“Great story!” Bill Patrick, a published author and scriptwriter, sought me out to to admire a short story I’d written for a seminar he would teach in my Fairfield MFA program. We each wrote and circulated, before gathering, a piece to be critiqued in such seminars; it was unusual for a professor to comment before classes met and students had first crack, but he thought it an unusual story.
With help from him and my classmates (who also liked it), I improved it during that fortnight. We each did a reading to the student body and faculty. I read “Exoneration”, to applause.
I began sending it out — and sending, and sending, with growing discouragement. How could editors turn down a story everyone in the MFA program liked?
Three years later (!!) it was accepted by Aestas, an annual anthology. Then, to cap off my frustration, publication was delayed and delayed again!
It’s finally out, a year late, “Aestas 2017”. The whole book, a good collection of short stories, is currently bargain priced at Amazon — or you can read it ==>>here
In 1981 — 37 years ago! — Brad and I hiked (with a safari group of 4-H kids half our age) about an hour above the 10,000-foot ranger station on 18,000-foot Mount Kenya — and were told of an American who’d gotten lost recently, in a stunted landscape prowled by buffalo, elephants, monkeys . . . and leopards.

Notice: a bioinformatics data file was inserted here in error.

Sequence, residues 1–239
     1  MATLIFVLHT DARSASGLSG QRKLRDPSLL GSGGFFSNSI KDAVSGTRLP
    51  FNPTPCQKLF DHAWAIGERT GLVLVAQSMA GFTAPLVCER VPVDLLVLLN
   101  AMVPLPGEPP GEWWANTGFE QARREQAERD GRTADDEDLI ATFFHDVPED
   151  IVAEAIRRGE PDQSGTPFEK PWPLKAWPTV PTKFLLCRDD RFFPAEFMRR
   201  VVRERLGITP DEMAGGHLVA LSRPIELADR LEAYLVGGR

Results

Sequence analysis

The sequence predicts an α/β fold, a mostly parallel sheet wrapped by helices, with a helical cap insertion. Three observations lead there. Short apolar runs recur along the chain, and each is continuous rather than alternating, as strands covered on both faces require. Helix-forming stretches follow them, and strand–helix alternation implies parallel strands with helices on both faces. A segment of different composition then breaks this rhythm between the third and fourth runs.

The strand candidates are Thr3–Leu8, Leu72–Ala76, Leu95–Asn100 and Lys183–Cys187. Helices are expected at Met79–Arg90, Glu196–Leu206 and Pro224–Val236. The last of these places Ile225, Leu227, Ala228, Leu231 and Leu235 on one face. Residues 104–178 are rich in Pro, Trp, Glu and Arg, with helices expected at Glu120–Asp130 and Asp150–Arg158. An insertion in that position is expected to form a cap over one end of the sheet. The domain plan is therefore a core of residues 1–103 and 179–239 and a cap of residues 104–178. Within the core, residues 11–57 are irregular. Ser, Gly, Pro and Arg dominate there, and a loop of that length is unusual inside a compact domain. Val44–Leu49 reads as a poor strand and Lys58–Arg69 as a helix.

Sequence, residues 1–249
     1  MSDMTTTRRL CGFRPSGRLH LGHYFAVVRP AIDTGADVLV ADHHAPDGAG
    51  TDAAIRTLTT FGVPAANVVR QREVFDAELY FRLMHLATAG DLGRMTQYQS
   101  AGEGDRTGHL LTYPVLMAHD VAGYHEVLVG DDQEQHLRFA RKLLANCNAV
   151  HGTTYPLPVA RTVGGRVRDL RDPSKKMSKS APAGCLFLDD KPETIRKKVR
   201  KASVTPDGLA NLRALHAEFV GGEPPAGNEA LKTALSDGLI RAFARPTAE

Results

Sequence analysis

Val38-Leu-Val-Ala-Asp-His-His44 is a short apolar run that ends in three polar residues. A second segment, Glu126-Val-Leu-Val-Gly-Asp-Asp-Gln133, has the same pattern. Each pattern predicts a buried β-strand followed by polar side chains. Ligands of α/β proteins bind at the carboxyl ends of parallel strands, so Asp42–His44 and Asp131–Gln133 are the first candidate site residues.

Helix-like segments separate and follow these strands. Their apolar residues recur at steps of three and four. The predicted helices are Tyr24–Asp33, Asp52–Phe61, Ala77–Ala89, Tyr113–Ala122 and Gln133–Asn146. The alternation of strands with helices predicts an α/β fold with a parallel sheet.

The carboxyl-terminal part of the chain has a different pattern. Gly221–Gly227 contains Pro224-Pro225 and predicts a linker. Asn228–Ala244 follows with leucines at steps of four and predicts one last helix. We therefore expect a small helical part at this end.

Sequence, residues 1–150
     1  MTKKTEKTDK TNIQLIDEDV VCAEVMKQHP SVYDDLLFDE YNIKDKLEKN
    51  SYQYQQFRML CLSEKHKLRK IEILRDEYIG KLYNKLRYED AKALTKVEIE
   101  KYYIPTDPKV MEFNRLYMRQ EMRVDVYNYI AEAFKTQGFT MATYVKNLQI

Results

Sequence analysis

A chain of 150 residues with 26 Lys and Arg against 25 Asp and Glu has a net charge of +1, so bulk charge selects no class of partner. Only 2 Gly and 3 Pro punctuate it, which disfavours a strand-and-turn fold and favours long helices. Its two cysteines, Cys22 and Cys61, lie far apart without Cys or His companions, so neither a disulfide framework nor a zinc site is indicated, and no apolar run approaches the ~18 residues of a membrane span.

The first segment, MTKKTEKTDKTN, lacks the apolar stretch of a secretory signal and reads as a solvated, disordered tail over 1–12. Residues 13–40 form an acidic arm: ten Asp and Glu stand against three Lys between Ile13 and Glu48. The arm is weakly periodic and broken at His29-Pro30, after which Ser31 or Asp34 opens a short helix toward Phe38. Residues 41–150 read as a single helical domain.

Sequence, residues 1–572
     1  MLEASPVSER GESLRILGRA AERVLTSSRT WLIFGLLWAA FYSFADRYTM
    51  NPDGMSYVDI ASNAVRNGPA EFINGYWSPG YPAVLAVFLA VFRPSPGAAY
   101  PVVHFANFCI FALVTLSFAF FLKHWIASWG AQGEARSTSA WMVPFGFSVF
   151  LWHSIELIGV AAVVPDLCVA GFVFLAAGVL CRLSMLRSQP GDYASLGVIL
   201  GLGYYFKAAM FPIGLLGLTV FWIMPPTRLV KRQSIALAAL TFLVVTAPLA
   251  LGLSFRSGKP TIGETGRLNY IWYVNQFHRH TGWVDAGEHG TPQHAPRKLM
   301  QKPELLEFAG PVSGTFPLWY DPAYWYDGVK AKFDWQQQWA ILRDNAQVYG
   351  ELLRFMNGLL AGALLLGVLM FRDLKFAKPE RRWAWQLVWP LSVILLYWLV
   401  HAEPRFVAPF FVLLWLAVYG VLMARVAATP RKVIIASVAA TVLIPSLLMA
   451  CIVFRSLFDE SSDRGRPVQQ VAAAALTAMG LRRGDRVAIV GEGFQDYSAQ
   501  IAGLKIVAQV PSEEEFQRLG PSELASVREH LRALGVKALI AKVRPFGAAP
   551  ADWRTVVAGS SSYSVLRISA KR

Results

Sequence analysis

I skipped the next morning’s lion-chasing trip to sit in front of our pup tent and bat out a first draft of a short story based on that fragmentary account. I remember looking up to realize I was the object of fascination by a half-dozen Masai women who’d never seen anything like the flyweight typewriter I always traveled with.
Fast-forward 32 years, when I made re-writing that story a significant part of my Fairfield University studies, and ultimately part of my MFA thesis. One of my most prized gurus urged that I develop the character of the would-be rescuer, which I did. Also, I’d originally told part of the story from the leopard’s point of view. He said no, can’t do that (even though, as I noted, Ernest Hemingway used an African lion’s point of view in “The Short Happy Life of Francis McComber”). Out came the leopard.
I’d made a few pre-MFA efforts to polish and place the story. Now I went at it with new energy — but with no better result. Last year, a hint from an almost-took-it editor persuaded me to make the leopard visible again, although I accepted the wisdom of my MFA classmates in our postgraduate writing group to make it an insentient animal — describing its actions, but not (as Hemingway had) imagining its thoughts.
It took several more rounds of rejections before D.S. Davidson, editor of the online Tigershark Literary Magazine, invited stories placed in the Southern Hemisphere. My story was a bit longer than he wanted, but he had me send it, and liked it. It’s out this week, the centerpiece of his Issue 18 (on pages 9-19). Read it ==>here